Have a 3 year old. Does manager have to let me change hours I work?

(11 Posts)
Boonyjinkies Tue 20-Aug-13 07:01:14

I'm moving house and my daughters nursery and am having to work around their availability. I currently work 21 hours in an office over 4 days and have emailed my manager (who was not in office) whether I could work slightly different hours over 5 days. His response 'I will have a think'. Is he able to say no? I thought if I had a child under 5, employers had to allow parents to work different hours as long as the work and running of the office were not affected?

RegainingUnconsciousness Tue 20-Aug-13 07:05:39

I think they have a legal obligation to consider flexible working requests, but in the end are able to go with the better option for the company, as long as they can show that they've considered it fully.

Your manager has said they'll think about it. You'll have to wait and see what they say.

21 hours over 4 days is about 5hrs a day? That's pretty good, isn't it? I can't see how spreading that over a 5th day is an advantage?

Boonyjinkies Tue 20-Aug-13 07:29:25

Thanks for your reply. The only advantage to them would be I would be in the office an additional day so I wouldn't have to leave one of my jobs to a colleague who handles it on the day I don't work. The main advantage is to me. I can't find childcare elsewhere at such short notice, and if they say no I'm stuffed. I just wonder how they can prove they have considered it (we don't have an HR department).

RegainingUnconsciousness Tue 20-Aug-13 07:31:59

Why do you need to change nursery hours? I'm confused

mikkii Tue 20-Aug-13 07:32:25

Regaining is correct. Any request must be considered, but need not be agreed to.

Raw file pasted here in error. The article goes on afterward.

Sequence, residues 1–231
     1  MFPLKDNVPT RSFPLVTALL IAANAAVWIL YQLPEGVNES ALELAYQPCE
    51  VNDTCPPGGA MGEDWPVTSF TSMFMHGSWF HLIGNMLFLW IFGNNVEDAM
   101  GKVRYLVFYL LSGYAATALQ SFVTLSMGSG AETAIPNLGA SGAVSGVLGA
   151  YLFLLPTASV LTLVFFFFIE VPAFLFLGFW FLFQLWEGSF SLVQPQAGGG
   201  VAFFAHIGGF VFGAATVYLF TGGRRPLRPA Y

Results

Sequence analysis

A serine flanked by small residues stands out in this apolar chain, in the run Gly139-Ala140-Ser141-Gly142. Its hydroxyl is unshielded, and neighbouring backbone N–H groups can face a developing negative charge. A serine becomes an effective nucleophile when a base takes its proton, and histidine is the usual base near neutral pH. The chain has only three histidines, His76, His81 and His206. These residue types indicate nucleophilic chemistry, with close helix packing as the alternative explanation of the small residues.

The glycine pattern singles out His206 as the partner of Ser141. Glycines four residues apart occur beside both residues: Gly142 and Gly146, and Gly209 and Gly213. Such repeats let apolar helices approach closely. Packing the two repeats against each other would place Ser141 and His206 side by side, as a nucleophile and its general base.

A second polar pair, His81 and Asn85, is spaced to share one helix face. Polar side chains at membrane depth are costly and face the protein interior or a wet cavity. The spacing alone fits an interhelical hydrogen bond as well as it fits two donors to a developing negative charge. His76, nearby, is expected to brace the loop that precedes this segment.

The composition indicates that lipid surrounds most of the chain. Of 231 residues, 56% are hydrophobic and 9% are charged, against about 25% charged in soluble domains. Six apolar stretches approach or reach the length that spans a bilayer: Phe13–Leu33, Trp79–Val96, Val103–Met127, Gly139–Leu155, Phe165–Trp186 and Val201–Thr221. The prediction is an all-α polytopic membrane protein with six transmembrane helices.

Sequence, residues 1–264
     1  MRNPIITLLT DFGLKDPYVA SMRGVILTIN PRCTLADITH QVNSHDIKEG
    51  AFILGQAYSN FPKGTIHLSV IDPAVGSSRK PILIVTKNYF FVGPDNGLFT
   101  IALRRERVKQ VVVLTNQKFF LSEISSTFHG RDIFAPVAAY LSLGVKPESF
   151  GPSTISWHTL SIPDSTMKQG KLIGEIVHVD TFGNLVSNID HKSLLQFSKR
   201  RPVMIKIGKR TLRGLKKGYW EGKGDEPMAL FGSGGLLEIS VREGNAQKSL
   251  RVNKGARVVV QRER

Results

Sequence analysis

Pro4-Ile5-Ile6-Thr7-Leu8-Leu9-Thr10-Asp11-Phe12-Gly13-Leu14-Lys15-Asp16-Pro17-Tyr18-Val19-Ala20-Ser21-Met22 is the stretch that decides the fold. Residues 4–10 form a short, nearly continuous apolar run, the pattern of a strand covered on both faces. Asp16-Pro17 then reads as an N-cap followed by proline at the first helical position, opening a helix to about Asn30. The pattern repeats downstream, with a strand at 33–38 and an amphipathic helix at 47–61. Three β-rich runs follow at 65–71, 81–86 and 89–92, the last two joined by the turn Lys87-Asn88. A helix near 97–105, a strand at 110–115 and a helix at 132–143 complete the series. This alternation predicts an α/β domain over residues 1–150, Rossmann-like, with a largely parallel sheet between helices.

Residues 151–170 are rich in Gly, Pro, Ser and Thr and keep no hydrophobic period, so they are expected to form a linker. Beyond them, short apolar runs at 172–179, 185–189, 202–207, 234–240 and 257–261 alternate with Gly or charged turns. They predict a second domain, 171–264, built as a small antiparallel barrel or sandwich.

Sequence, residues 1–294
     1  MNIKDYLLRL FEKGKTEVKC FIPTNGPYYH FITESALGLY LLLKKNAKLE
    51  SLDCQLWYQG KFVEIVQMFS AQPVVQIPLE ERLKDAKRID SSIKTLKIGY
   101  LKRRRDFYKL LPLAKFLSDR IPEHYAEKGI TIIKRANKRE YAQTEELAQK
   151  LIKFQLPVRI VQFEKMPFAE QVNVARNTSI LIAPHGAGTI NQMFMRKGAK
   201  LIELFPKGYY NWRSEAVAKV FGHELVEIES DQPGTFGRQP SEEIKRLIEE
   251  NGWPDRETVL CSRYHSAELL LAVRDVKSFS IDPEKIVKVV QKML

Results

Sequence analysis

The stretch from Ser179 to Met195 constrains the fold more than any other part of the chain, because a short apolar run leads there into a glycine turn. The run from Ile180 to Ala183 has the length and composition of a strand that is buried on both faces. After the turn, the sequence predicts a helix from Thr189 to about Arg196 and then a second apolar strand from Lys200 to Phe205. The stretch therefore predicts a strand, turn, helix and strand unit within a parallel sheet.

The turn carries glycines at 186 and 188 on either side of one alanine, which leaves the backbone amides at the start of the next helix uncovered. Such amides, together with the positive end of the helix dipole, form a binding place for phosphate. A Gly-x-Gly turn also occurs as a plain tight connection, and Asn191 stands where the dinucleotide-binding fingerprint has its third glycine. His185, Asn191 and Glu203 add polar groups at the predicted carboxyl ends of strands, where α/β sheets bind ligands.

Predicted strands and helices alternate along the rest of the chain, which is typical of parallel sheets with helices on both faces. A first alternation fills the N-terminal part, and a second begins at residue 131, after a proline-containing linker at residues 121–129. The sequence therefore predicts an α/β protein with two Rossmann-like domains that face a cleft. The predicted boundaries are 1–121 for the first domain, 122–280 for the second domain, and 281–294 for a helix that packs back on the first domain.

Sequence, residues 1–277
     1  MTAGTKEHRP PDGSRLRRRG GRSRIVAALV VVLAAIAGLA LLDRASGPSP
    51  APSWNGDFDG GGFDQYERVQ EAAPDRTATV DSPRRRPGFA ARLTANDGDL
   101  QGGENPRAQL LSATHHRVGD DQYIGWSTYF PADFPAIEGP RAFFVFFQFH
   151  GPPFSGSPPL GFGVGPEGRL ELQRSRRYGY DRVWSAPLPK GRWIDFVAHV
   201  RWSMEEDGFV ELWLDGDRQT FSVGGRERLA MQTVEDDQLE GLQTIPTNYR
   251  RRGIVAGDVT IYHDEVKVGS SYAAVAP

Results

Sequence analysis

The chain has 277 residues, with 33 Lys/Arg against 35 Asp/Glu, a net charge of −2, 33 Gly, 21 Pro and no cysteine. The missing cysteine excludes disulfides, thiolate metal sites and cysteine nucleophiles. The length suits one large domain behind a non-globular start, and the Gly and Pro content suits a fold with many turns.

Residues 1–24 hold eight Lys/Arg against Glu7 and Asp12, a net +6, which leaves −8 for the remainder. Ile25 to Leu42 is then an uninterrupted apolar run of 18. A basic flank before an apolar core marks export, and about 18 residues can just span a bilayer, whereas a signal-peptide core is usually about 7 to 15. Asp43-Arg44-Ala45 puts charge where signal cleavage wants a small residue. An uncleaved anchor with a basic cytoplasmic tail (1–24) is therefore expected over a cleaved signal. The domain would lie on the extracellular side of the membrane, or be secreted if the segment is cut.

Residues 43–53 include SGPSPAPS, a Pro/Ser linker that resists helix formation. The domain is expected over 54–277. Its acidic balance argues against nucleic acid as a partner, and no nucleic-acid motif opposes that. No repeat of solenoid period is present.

Are you hoping for a permanent change or temporary? They may agree to a temporary (agreed period) change to cover the nursery transition, while not being happy for a permanent change.

Lonecatwithkitten Tue 20-Aug-13 07:52:01

I would put you request in hard writing and use the words flexible working request so you are using the correct language (they only have to consider 1 per year so is this the only change you might need to make?). I would include good business reasons why it would work such as not having to delegate.
They then have 28 days to provide a response and must give business reasons why it is not possible.

Boonyjinkies Tue 20-Aug-13 08:05:21

Thanks everyone. I have to change childcare hours to fit in with nursery sessions, whereas previously I was using a childminder so hours were flexible. There are only certain sessions available at present so I need to fit round them. It would be permanent. I last changed my hours a year ago to fit round my other daughter school pick ups. In hindsight maybe I am being unreasonable expecting them to allow me to change, but I just didn't know the legal stance.

RegainingUnconsciousness Tue 20-Aug-13 08:25:54

Ah, I see. You've requested by email, which is essentially on writing. They may not consider anything else.

You'll have to wait to see what they say, perhaps be ready with another written proposal explaining why this is of benefit to the company and your colleagues.

If the manager doesn't agree I think you can appeal if they haven't given a robust counter argument, but most of the time it's not difficult to give evidence that your request has been considered and that it's not viable for the company. Especially since this sounds like a small company.

On the plus side, if there really won't be a negative impact and there's little company beaurocracy to deal with then they're likely to agree with it.

I think you'll have to wait and see. Good luck.

chattychattyboomba Tue 20-Aug-13 08:38:17

It's true they have to seriously consider, but they are not obliged to accept your request. This is why I did not go back to work... They were not able to give me a clear indication on whether part time would be available to me and I couldn't accept my old job back (8am to 6.30pm often later mon-fri) without knowing! Wish it was different. Would making working and having a child so much easier! Good luck!

flowery Tue 20-Aug-13 10:46:02

Your employer has to consider it using a formal procedure here but can refuse as long as they can give one of eight reasons and explain how that reason applies.

TempName365 Wed 21-Aug-13 20:00:03

OP, did your email include all the pieces of info in flowery's link?

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